DIY

Hiking in Alaska

DIY Cabins: Life, Alaska Style

I love the allure of DIY, don’t you? Do It Yourself. Hell yea! I’m going to…probably.

In my life in California, my DIY consisted sometimes of actually DIYing and most often of scrolling through countless projects on Pinterest until I felt like I had actually accomplished something. Similar to scrolling through to select an exercise video and then feeling so accomplished having just looked at others exercising that you head to the kitchen for a snack. What a workout! DIY was something novel to me. Something I would (occasionally) choose to do. I’d research my project of choice, head to the craft or hardware store, and come evening, I’d have something somewhat resembling the project I’d endeavored to complete.

Fast forward to Alaska and DIY has taken on a whole new meaning. I realized the shift immediately from the moment I wanted to camp out at a friend’s house and spent the day pick-axing through rocks to make a level area.

Alaska
Pick happy

Nothing here is hand-delivered unless it’s delivered by your hands. For this little lady, who was used to small-scale projects being completed in one day, I didn’t quite understand bigger projects or why they took so damn long.

Proximity to supplies
Timing
Weather
Money
Supplies
Time
Resources
Did I say the weather?

All of this and more impact our lives out here far more than I ever could realize immediately. I looked at projects to be done, planned with The Chief and couldn’t understand why we were still in the gathering of materials stage months later. Still, even as I came to understand that I wasn’t in Kansas anymore, that things would simply take more time, I didn’t want to click my heels to leave. So, I started with what we had and settled into where I was.

Hiking in Alaska
Deep down the wormhole…

Wedding in Alaska
…with this guy.


I liked the hard life, I knew that for sure, but damned if it didn’t drive me crazy sometimes. Slow and steady is less my speed. I prefer one and done and move onto the next.

So, when we started our living room project LAST fall…

Building in Alaska
Phase I: Painted + New Flooring

Building in Alaska
Phase II: Ceiling Trim

I was impatient for it to be done. But guess what? It finally (almost) is!

Building in Alaska
Phase III: Sealed Cracks, Touched Up Paint, Baseboards and Trim

Building in Alaska
Finally.

Building in Alaska



Yes, we need to clean up the battery box and yes we need to re-hang our art and yes, we need to build the shelves we’ve been talking about for a year but I’d be a liar if I said I couldn’t see the finish line for the first time ever. It’s there.

The truth is, as I sat back and admired our hard work, I realized that this wasn’t just the end of a 6-month long project, it was the end of a 6-year project. We had started our living room project 6 years ago when I first arrived. We started here, with dueling couches, an OSB (read: similar to plywood) floor covered in a rug permanently covered in dog hair. Here, with single-pane windows that sometimes opened, a cloth ceiling, and more guns than I’d ever seen in my life (but at least now we were off the floor). We started here, with a place we both felt immediately at home in, with a person we both felt we’d found our soul in, with a ready canvas and slowly, the picture began to come to life.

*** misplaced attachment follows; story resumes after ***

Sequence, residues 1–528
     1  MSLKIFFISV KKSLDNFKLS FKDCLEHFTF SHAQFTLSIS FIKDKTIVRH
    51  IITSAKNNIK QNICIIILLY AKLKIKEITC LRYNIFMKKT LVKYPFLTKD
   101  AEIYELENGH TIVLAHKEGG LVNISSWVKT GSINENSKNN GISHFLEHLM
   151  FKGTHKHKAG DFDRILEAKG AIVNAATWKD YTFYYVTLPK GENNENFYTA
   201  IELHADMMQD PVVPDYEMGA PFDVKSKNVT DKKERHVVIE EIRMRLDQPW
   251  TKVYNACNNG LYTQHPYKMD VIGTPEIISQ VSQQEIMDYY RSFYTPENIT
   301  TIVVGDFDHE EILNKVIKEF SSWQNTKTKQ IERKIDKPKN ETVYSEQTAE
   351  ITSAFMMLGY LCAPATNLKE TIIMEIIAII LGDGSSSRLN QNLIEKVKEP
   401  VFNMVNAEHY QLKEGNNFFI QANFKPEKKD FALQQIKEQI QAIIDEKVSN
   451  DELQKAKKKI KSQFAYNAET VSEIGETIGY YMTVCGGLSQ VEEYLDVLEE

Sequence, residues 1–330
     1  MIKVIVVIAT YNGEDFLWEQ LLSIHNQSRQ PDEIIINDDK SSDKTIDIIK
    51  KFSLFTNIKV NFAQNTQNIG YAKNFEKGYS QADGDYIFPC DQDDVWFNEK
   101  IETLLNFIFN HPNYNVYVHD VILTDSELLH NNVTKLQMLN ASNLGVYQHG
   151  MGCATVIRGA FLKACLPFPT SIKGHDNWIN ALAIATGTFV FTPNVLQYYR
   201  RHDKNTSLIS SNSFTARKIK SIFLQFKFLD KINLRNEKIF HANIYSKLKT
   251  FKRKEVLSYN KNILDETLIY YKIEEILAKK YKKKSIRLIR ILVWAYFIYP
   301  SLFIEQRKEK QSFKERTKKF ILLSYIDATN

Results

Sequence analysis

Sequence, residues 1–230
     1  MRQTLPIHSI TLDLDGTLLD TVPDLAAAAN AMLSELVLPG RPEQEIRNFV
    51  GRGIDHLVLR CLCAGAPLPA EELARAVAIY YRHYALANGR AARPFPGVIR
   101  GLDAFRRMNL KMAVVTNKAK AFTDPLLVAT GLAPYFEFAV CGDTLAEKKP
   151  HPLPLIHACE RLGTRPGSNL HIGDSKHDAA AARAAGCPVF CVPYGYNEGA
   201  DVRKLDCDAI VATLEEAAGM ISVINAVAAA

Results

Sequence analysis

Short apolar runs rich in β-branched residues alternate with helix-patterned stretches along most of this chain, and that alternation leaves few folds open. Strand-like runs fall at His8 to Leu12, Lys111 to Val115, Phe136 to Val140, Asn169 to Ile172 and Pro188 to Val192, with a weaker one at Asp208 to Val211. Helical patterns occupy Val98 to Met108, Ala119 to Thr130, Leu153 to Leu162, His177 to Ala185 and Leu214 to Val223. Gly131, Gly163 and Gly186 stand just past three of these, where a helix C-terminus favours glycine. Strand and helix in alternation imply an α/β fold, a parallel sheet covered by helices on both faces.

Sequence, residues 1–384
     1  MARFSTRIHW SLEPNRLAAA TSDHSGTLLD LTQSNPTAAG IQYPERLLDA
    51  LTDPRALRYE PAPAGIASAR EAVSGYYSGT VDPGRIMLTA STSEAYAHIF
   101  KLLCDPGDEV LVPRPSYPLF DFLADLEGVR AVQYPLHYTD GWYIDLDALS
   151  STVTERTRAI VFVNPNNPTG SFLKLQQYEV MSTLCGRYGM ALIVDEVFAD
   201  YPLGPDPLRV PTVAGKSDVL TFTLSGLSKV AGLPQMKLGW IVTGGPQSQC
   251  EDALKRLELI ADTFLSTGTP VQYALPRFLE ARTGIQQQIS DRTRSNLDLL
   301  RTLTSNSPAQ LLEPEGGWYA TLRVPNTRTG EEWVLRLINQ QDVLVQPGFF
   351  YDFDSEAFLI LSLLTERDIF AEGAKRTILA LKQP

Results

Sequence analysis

Building in Alaska
Dueling

Building in Alaska
…Couches

Since then, we’ve made constant upgrades, changes, arrangements, and re-arrangements, trying to finally settle into our space.

Like this Christmas edition:

Building in Alaska

and this Summer edition:

Building in Alaska

and this Fall corner:

Building in Alaska

and this Winter coziness:

Building in Alaska

From here:

Building in Alaska

To here:

Building in Alaska


And you know what? We are finally there. Well, near there, but let’s call it good. The end is truly in sight.

Sure, there’s much more to do the moment you step out of the living room but for the first time ever, two-thirds of our house is complete. Our bedroom feels like a little sanctuary and our living room finally feels complete and it brings me a deep sense of satisfaction. Yes, it took forever. Yes, it meant individual trips over months on end to finally get all of the materials here. Yes, it meant working in the cold, working on the weekends and countless hours checking the fire in the shop to make sure the temp hadn’t dropped and our stain wouldn’t freeze on the boards. Yes, it meant arguments and resolutions and the constant moving of things in and out, back and forth, up and down the Ramp of Doom in the slick Spring days and cold Winter nights.

Yes, it was a long endeavor but despite all of it, looking at the boards, each of which I bought, hauled, cut, stained, and installed with my husband brings me an immense sense of joy.

Building in Alaska
Look at those beauties!


This morning as I sit in our cozy home, there’s a deep feeling of contentment. Not from DIYing but from DITing. Doing It Together. I didn’t always feel motivated to do the work, sometimes The Chief didn’t either, yet together, we made it happen. I think more than anything, what I wanted most in life (even more than nailing a Pinterest-worthy creation) was a partner to do things with. I certainly didn’t anticipate finding this partnership in the Alaskan wilderness, off-the-grid and far away from everything I’d ever known but I am so glad to have stumbled upon it.

It’s not always easy, but it’s exactly what I needed.

With love,

from Alaska

Backcountry Alaska


P.S. What are you DIY/DIT-ing these days? How are your projects slowed or sped up based on your lifestyle?

Building Off Grid in Alaska: The Driveway Edition

Last fall, when I went to Town, The Chief painted our living room. Prior to leaving, I boxed up as much as I could to help him prep but on the day of, there were inevitably things to move and if you’ve ever moved things in a rush, you know what happened.